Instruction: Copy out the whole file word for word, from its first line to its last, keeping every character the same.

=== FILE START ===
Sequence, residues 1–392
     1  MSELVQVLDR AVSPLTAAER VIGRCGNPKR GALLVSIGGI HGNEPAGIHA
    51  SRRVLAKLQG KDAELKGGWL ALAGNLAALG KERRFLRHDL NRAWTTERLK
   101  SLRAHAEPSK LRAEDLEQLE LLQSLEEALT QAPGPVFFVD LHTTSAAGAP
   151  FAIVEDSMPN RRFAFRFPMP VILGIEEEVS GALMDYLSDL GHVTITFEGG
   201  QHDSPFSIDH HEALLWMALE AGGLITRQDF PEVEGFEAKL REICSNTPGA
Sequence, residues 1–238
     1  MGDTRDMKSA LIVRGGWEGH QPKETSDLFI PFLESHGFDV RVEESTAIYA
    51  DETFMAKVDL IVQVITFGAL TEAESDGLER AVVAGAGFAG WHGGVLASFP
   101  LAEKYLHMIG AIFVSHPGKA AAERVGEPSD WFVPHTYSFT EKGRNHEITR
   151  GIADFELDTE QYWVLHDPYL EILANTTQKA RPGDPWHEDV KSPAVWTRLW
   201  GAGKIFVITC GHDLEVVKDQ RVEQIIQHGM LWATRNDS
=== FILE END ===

Sequence, residues 1–392
     1  MSELVQVLDR AVSPLTAAER VIGRCGNPKR GALLVSIGGI HGNEPAGIHA
    51  SRRVLAKLQG KDAELKGGWL ALAGNLAALG KERRFLRHDL NRAWTTERLK
   101  SLRAHAEPSK LRAEDLEQLE LLQSLEEALT QAPGPVFFVD LHTTSAAGAP
   151  FAIVEDSMPN RRFAFRFPMP VILGIEEEVS GALMDYLSDL GHVTITFEGG
   201  QHDSPFSIDH HEALLWMALE AGGLITRQDF PEVEGFEAKL REICSNTPGA
Sequence, residues 1–238
     1  MGDTRDMKSA LIVRGGWEGH QPKETSDLFI PFLESHGFDV RVEESTAIYA
    51  DETFMAKVDL IVQVITFGAL TEAESDGLER AVVAGAGFAG WHGGVLASFP
   101  LAEKYLHMIG AIFVSHPGKA AAERVGEPSD WFVPHTYSFT EKGRNHEITR
   151  GIADFELDTE QYWVLHDPYL EILANTTQKA RPGDPWHEDV KSPAVWTRLW
   201  GAGKIFVITC GHDLEVVKDQ RVEQIIQHGM LWATRNDS